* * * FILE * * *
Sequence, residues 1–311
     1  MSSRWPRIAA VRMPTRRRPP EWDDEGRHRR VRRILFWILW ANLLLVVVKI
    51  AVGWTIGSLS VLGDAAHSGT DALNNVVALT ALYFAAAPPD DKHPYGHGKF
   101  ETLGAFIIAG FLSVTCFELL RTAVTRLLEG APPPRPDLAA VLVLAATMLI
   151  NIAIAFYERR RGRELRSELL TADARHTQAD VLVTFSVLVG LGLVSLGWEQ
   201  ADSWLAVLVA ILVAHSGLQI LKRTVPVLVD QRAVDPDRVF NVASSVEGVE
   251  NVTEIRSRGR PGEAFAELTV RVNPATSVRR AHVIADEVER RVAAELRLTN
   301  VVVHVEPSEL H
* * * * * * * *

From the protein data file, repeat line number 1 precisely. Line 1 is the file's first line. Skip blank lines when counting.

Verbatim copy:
Sequence, residues 1–311